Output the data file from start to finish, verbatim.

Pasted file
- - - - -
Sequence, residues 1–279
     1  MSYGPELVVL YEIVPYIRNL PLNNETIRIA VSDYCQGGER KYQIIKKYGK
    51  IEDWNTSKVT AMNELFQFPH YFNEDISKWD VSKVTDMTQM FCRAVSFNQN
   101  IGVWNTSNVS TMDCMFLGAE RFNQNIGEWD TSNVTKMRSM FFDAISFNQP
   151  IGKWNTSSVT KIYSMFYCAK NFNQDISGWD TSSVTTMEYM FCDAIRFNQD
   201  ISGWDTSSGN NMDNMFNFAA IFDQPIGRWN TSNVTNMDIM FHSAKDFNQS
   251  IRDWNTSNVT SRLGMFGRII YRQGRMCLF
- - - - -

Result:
Sequence, residues 1–279
     1  MSYGPELVVL YEIVPYIRNL PLNNETIRIA VSDYCQGGER KYQIIKKYGK
    51  IEDWNTSKVT AMNELFQFPH YFNEDISKWD VSKVTDMTQM FCRAVSFNQN
   101  IGVWNTSNVS TMDCMFLGAE RFNQNIGEWD TSNVTKMRSM FFDAISFNQP
   151  IGKWNTSSVT KIYSMFYCAK NFNQDISGWD TSSVTTMEYM FCDAIRFNQD
   201  ISGWDTSSGN NMDNMFNFAA IFDQPIGRWN TSNVTNMDIM FHSAKDFNQS
   251  IRDWNTSNVT SRLGMFGRII YRQGRMCLF